Lyme disease is sometimes misdiagnosed, usually because people misidentify Lyme disease symptoms and because it can sometimes be difficult to confirm that a child has Lyme disease.
Children can get Lyme disease after they get bitten by a tick, usually a deer tick, that is infected with the Borrelia burgdorferi bacteria, especially if the tick isn't removed before 48 to 72 hours.
This makes it important to do daily tick checks if your child has been in an area where he might be bitten by a tick, such as while camping.
Lyme Disease Symptoms
The first symptom of Lyme disease is the classic rash that most people are familiar with -- erythema migrans. This circular rash occurs at the site of the tick bite, about 7 to 14 days after the tick bite, although it may begin as early as 3 days or as late as 32 days after the tick bite.
This erythema migrans rash is usually described as:
- looking like a target or bull's eye, with a central red spot, an area of clear skin, and a red border
- being itchy, warm, and sometimes painful
- gradually expanding to a size of 7 to 14 inches
- lingering for about 2 weeks
In addition to the rash, other Lyme disease symptoms that some children have resemble flu-like symptoms and can include fever, myalgia (muscle aches), chills, headache, fatigue, and joint pain (arthralgia).
More serious symptoms can occur in those children who aren't treated and develop early-disseminated Lyme disease. These symptoms can include having multiple erythema migrans lesions, fever, myalgia (muscle aches), headaches, fatigue, pink eye (conjunctivitis), swollen lymph glands (lymphadenopathy), aseptic meningitis, facial nerve palsy (Bell's palsy), and more rarely, carditis (inflammation of the heart) with heart block.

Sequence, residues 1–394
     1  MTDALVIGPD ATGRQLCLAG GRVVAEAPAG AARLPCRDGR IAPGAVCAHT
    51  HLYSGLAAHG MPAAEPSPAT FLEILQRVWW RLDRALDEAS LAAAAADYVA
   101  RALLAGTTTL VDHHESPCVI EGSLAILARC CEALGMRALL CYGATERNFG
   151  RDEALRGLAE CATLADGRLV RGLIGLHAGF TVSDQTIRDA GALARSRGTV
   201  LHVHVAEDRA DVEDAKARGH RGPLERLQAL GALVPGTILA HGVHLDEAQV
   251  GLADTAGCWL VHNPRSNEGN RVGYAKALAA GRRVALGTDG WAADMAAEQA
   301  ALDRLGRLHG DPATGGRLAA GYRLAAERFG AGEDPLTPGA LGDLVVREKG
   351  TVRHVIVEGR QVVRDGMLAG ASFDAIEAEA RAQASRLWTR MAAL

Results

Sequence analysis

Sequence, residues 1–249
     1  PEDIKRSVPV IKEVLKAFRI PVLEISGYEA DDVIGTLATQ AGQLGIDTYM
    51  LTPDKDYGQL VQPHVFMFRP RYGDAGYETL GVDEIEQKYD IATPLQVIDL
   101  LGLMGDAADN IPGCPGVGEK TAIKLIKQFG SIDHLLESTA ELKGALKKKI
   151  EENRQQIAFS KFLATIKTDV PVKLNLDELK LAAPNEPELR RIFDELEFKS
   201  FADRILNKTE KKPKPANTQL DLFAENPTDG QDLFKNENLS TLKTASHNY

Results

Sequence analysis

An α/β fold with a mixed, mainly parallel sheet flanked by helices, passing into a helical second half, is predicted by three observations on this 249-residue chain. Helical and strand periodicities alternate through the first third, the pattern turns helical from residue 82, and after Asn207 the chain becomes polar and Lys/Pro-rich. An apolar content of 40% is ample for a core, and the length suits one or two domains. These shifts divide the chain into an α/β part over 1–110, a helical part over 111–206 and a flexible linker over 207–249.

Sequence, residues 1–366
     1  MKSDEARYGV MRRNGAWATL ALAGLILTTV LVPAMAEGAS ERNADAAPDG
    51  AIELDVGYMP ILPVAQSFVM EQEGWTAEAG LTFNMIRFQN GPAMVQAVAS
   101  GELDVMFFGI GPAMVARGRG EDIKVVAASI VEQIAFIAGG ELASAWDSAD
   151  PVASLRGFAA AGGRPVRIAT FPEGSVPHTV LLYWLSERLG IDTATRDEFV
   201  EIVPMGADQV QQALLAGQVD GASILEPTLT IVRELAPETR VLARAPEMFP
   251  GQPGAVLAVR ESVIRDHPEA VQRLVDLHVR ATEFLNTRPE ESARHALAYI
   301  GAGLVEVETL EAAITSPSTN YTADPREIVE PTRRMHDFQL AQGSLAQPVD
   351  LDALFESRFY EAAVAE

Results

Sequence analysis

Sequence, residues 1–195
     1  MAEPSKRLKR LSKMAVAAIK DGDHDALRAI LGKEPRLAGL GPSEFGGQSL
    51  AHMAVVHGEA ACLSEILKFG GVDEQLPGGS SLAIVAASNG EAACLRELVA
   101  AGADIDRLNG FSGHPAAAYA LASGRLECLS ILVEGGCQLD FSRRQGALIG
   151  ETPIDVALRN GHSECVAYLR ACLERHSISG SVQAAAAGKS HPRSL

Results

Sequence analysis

Symptoms of late Lyme disease, which may begin several months after the initial tick bite, include arthritis, that most often affects large joints, like a child's knees. These joints may stay swollen and tender for 1 to 2 weeks at a time. Some children rarely develop chronic neurological symptoms, including numbness and tingling in their hands and feet, shooting pains (radiculoneuritis), and concentration problems.
Fortunately, the late symptoms of Lyme disease can usually be prevented with early treatment with antibiotics.
Keep in mind that not all children have all of the classic Lyme disease symptoms, which makes it important to see your pediatrician if your child develops a rash or fever following a tick bite, especially if you live in an area where there are a lot of Lyme disease cases.
What You Need To Know
- Even in hyperendemic areas, places where there are a lot of Lyme disease cases, the the risk of developing Lyme disease is usually estimated to only be about 1% to 3%. It is so low because not all deer ticks are even infected with the bacteria that causes Lyme disease and most people remove ticks before they have been attached for 48 to 72 hour period, which doesn't give the bacteria time to infect them.
- In the United States, most cases of Lyme disease (hyperendemic areas) occur in southern New England, New York, New Jersey, Pennsylvania, Minnesota, Wisconsin, and the northern Pacific coast.
- Lyme disease is usually diagnosed based on the history of a tick bite and finding signs and symptoms that suggest that the child has Lyme disease. Laboratory testing is available, but is not always necessary. Testing ticks for the Lyme disease bacteria is not usually recommended.
- Most cases of Lyme disease occur during the summer.
Gershon: Krugman's Infectious Diseases of Children, 11th ed.
Long: Principles and Practice of Pediatric Infectious Diseases, 3rd ed.